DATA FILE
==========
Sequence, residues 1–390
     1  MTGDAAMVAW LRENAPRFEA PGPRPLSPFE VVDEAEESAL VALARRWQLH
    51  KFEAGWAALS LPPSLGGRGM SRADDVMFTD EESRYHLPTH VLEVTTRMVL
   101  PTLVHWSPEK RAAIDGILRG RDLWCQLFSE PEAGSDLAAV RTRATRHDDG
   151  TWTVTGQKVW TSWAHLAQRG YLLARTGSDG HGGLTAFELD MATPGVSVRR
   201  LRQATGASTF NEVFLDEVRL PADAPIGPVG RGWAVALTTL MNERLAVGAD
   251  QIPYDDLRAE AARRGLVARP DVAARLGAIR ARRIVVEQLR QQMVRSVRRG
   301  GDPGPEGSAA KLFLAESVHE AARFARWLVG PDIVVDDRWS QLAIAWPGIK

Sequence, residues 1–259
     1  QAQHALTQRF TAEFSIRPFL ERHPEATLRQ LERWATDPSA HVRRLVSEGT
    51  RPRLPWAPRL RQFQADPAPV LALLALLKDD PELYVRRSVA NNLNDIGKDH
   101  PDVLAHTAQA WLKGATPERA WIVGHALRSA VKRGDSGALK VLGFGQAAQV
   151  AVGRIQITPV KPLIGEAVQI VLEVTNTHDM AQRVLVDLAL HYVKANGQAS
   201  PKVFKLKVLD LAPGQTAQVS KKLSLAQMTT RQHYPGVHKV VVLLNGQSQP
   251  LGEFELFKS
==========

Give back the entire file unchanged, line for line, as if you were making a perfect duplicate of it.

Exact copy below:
Sequence, residues 1–390
     1  MTGDAAMVAW LRENAPRFEA PGPRPLSPFE VVDEAEESAL VALARRWQLH
    51  KFEAGWAALS LPPSLGGRGM SRADDVMFTD EESRYHLPTH VLEVTTRMVL
   101  PTLVHWSPEK RAAIDGILRG RDLWCQLFSE PEAGSDLAAV RTRATRHDDG
   151  TWTVTGQKVW TSWAHLAQRG YLLARTGSDG HGGLTAFELD MATPGVSVRR
   201  LRQATGASTF NEVFLDEVRL PADAPIGPVG RGWAVALTTL MNERLAVGAD
   251  QIPYDDLRAE AARRGLVARP DVAARLGAIR ARRIVVEQLR QQMVRSVRRG
   301  GDPGPEGSAA KLFLAESVHE AARFARWLVG PDIVVDDRWS QLAIAWPGIK

Sequence, residues 1–259
     1  QAQHALTQRF TAEFSIRPFL ERHPEATLRQ LERWATDPSA HVRRLVSEGT
    51  RPRLPWAPRL RQFQADPAPV LALLALLKDD PELYVRRSVA NNLNDIGKDH
   101  PDVLAHTAQA WLKGATPERA WIVGHALRSA VKRGDSGALK VLGFGQAAQV
   151  AVGRIQITPV KPLIGEAVQI VLEVTNTHDM AQRVLVDLAL HYVKANGQAS
   201  PKVFKLKVLD LAPGQTAQVS KKLSLAQMTT RQHYPGVHKV VVLLNGQSQP
   251  LGEFELFKS